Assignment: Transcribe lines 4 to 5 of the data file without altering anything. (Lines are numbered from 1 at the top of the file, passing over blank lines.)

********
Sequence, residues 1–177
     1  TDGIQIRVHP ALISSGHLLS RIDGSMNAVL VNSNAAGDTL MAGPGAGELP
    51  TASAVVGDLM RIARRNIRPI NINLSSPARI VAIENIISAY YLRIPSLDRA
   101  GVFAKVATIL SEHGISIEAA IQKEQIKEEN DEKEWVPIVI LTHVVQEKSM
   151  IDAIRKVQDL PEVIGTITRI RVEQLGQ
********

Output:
   101  GVFAKVATIL SEHGISIEAA IQKEQIKEEN DEKEWVPIVI LTHVVQEKSM
   151  IDAIRKVQDL PEVIGTITRI RVEQLGQ